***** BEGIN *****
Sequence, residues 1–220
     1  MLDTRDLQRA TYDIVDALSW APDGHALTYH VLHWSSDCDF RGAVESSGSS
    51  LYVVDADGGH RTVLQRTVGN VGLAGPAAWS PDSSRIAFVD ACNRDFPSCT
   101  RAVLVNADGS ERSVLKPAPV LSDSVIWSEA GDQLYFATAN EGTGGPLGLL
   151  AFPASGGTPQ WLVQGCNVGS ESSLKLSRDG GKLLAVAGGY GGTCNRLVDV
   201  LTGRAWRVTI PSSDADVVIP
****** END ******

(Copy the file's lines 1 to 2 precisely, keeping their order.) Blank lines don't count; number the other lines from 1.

Sequence, residues 1–220
     1  MLDTRDLQRA TYDIVDALSW APDGHALTYH VLHWSSDCDF RGAVESSGSS